Publications, Volume 57

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Page 158 - ... in any sense, that is the existence of the Absolute One. I cannot here explain the reasons why, to my way of thinking, philosophy is forced to accept the metaphysical conception of the Absolute One, although, if this idea be realized in perfect sharpness, we are as unable to think as to deny that the Absolute One is either identical with, or different from, the world.1 I only state that the Absolute One in its very sense, as also, for instance, in the sense of...
Page 135 - Id; & & & •Jtjt detailed and elaborate, a research into it is a matter of difficulty. One will not be able to understand it unless one works hard. In order to make it easy to be understood by curtailing the elaborate composition, I again compiled an abridged treatise and called it ' Zfsien-Uung,' ' Exposition of the Doctrine
Page 161 - Nik., 82.) glitter of immutability, and liberated, on the other hand, from the last terrestrial feature it still possessed, viz., consciousness, the notion of the Absolute1; it was the Buddha who, for the first time, saw clearly that only ignorance can devise any relation at all between nature and the Supernatural One, and that a true ethic must therefore necessarily be atheistic ; it was the Buddha and no one else who made the doctrine of anatta a moral principle, and that not by denying the Absolute...
Page 157 - Miiller asked whether a religion which attains at last to the Nothing would not thereby cease to be a religion. To this it may easily be replied that Buddhism has never been regarded as a religion in the usual sense. It is, however, another thing if we put the question in this way : ' Is it possible that a thinker who had drunk out to the bottom the cup of knowledge — and we cannot help believing that the Buddha was such a thinker —could attain to the conviction that there was absolutely nothing...
Page 157 - ... times. But this is, of course, not an argument for everybody, and I would ask it to be considered only as a plus to what we shall find out in the further course of the argument. Without any doubt the question of Parinibbanam is, although not identical with, yet dependent on the question of the atta or substance, so that, if it were certain that the Buddha declined the idea of a substance in every sense, the answer concerning the Parinibbanam would of course be that it was annihilation in every...
Page 63 - Virtues, all selfabnegation and wisdom ; 467 attaining to the highest perfection, may I become Buddha incomparable, and having preached sweet doctrine, bringing happiness to man, 468 and freed all the world and the gods from the great bond of transmigration, may I reach the noble city of peace and bliss. 469-72 By King Vijayabahu, of Bhupala's royal line, the ornament of Ceylon, done in his own name. (?) The book was compiled by an Elder, wise, the abode of compassion, named Medhankara, well-behaved,...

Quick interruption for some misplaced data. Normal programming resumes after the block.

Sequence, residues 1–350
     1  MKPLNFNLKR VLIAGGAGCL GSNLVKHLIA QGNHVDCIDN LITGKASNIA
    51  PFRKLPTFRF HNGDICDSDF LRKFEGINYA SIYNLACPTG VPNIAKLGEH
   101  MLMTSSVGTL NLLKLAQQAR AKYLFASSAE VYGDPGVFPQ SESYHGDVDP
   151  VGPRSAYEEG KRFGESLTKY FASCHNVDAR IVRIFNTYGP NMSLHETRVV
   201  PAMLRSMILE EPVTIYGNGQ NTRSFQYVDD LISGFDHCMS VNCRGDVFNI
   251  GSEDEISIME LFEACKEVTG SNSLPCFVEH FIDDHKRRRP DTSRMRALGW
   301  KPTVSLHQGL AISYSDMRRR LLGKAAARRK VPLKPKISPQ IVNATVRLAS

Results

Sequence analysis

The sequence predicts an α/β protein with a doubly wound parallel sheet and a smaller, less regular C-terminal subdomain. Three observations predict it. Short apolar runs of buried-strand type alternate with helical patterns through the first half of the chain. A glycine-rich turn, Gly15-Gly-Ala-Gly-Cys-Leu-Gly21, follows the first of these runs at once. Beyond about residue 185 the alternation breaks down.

Page 67 - Haimavanta' is in Chinese the ' snow -mountain school' (1| ll] #5). 3 Yasomitra, " Vibhasaya divyanti vaibhasika iti " ; cf. Professor de la Vallee Poussin, " Dogmatique Bouddhique," i, p. 65 (p. 297), note. Hiuentsang's statement that this commentary was drawn up in the Buddhist Council under Kaniska is very doubtful, because the book relates a miracle which it says occurred formerly in the reign of that king. See Watters, " On Yuan-Chwang,
Page 163 - With such premises much can be proved. One of Dr. Schrader's conclusions is that " it is beyond doubt that in Buddha's opinion there rests of the parinibbuto (one who has attained Nirvana) not the slightest shade of individuality ". It need hardly be said that this is only Dr. Schrader's " way of thinking ", but it does involve a question more than once touched upon by the commentators. Already in the Upanishads it was a problem whether the liberated atman...
Page 136 - I embellished and preserved his verses (Vasubandhu's Karika), and regarded them as the source of reference. " I cut short those extensive concluding arguments which are found in the ' Shun-li ' (Nyayanusara), and set forth the right expositions against his proofs (Vasubandhu's gastra) to illustrate the true excellent doctrines to which we adhere.
Page 162 - ham asmi, na m'eto atta, is applied by the Samkhya doctrine in almost exactly the same form, viz. : Ndsmi, na me, ndham, to exactly the same object, viz., the whole of material and spiritual things, but with the single aim of expressing the Purusa's not being prakrti or vikrti. Indeed, the end seems to be quite the same in both the systems: To reduce to a cause (pratyaya) every thing in nature, and thereby to prove that our real entity must not be looked for in, but beyond, the world. The only difference...

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